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If Cybercrime Was a Country, Its Economy Would Be Third in World Behind USA, China

Image for representation.

Image for representation.

The global cybercrime costs had already surpassed the size of the Indian economy a few years ago. Cybercrime would also be ahead of Japan and Germany's economies.

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Buzz Staff

How much does cybercrime cost in sheer monetary value? More than the economies of most countries.

A new report by US-based firm Cybersecurity Ventures, has found that cybercrime is predicted to inflict damages totaling $6 trillion USD globally in 2021.

“Cybersecurity Ventures expects global cybercrime costs to grow by 15 per cent per year over the next five years, reaching $10.5 trillion annually by 2025, up from $3 trillion in 2015,” the report said.

“If it were measured as a country, then cybercrime — which is predicted to inflict damages totaling $6 trillion globally in 2021 — would be the world’s third-largest economy after the US and China" added the report.

Cybercrime as a country, therefore, would be far ahead of India, which according to 2019's tally, is ranked fifth in economy.

This implies that global cybercrime costs had already surpassed the size of the Indian economy a few years ago. Cybercrime would also be ahead of Japan and Germany's economies.

Cybersecurity Ventures also estimated that global cybercrime costs would grow by 15 percent per year over the next five years, reaching $10.5 trillion USD annually by 2025, up from $3 trillion USD in 2015.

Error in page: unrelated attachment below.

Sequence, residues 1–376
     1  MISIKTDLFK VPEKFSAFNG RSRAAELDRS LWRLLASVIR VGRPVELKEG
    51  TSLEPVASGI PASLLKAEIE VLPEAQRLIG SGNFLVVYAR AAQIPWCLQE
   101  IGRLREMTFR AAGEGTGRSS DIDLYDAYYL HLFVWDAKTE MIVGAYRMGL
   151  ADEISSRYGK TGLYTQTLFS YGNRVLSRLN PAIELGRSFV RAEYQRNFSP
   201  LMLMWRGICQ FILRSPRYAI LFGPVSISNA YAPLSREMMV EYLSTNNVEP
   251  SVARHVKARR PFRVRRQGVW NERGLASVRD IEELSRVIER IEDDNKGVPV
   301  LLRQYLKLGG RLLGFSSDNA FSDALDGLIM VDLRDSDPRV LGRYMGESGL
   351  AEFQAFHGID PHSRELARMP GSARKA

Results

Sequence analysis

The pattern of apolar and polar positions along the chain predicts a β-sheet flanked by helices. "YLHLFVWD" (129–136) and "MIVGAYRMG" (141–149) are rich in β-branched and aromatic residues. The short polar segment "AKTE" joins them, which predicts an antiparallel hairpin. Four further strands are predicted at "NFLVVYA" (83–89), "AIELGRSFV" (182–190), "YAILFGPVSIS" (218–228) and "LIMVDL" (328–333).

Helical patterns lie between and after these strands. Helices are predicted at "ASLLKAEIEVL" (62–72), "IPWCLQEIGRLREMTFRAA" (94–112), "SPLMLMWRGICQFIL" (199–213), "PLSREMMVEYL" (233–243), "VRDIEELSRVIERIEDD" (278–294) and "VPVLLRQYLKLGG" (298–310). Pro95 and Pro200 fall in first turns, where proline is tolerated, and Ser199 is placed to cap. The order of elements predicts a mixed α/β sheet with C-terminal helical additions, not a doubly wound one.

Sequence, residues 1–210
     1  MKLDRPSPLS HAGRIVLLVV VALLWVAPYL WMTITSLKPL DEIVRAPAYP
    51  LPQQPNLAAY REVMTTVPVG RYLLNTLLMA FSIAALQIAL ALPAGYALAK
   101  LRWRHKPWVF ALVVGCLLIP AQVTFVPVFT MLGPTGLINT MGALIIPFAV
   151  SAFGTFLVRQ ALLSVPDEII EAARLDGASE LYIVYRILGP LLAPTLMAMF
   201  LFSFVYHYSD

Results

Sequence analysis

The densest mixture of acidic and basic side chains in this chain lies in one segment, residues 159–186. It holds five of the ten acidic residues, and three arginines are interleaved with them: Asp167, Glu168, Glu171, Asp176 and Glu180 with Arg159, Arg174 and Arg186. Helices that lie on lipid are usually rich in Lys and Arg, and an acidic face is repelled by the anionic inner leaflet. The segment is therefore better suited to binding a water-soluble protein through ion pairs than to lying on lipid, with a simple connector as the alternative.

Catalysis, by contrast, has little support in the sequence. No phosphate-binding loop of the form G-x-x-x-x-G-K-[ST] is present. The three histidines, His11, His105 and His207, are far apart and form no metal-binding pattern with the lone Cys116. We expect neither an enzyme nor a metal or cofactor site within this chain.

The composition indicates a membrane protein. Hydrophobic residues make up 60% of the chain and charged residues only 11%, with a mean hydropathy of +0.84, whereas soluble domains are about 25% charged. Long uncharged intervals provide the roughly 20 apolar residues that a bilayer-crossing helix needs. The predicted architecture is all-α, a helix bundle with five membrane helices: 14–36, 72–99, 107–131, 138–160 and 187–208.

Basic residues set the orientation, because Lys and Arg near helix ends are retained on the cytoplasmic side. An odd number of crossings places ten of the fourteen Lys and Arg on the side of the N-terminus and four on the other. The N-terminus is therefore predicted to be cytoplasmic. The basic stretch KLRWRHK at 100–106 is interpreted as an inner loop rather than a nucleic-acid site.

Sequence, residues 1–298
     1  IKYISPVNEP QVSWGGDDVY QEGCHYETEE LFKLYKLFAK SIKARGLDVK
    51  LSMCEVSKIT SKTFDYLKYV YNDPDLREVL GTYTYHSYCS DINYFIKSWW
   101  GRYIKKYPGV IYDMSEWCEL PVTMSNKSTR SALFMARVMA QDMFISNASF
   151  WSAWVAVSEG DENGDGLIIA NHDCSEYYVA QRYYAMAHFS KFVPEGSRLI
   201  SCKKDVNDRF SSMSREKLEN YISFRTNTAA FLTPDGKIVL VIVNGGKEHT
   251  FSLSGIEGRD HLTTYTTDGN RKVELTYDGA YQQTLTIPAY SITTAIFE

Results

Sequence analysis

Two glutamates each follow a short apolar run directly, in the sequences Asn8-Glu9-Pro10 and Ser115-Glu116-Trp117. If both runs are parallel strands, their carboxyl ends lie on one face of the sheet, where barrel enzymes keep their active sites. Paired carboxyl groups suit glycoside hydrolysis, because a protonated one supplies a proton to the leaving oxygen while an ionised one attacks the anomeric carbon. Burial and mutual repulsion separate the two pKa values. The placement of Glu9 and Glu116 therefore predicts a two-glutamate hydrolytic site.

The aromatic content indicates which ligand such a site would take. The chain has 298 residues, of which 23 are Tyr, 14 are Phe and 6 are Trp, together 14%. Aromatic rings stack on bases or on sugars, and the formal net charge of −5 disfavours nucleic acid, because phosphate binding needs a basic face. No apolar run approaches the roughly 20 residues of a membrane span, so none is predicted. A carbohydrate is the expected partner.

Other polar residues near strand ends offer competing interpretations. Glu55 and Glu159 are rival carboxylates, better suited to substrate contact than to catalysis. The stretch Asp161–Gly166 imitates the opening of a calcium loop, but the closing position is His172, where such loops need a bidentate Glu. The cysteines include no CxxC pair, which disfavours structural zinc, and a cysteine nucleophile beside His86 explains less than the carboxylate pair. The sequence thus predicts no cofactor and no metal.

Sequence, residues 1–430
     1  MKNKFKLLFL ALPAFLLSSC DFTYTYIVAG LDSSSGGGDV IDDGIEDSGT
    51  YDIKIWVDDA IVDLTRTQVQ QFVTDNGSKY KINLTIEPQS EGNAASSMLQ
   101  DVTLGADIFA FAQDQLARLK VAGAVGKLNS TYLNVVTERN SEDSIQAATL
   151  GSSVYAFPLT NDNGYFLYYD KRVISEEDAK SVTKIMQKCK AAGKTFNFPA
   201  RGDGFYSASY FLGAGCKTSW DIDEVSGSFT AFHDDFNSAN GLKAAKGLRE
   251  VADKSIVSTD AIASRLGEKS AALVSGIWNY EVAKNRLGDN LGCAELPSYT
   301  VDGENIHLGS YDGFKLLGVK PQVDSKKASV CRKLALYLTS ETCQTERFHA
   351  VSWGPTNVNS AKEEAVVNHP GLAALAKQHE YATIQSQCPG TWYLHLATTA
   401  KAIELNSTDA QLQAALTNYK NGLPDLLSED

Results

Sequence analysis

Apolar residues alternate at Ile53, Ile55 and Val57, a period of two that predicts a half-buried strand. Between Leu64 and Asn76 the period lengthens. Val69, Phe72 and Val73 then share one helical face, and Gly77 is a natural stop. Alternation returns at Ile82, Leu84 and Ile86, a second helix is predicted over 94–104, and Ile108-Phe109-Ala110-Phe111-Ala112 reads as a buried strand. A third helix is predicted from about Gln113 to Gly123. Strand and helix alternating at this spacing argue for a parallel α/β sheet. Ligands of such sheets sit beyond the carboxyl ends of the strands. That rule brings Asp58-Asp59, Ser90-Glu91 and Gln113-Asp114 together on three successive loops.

This amount would be larger than the damage inflicted from natural disasters in a year, and more profitable than the global trade of all major illegal drugs combined.

The report also explains what counts as "cybercrime costs." Damage and destruction of data, stolen money, lost productivity, theft of intellectual property, theft of personal and financial data, embezzlement, fraud, post-attack disruption to the normal course of business, forensic investigation, restoration and deletion of hacked data and systems, and reputational harm are all part of it.

With the Covid-19 pandemic which has pushed the entire world into a global work-from-home experiment, more employees than ever in history are working from home - and as majority of this work relies on the Internet to stay connected, and official documents, files which usually have restricted permission become a lot more privy to hacking as they go online.

As more people share data remotely through cloud apps, the number of security blind spots continue to increase.


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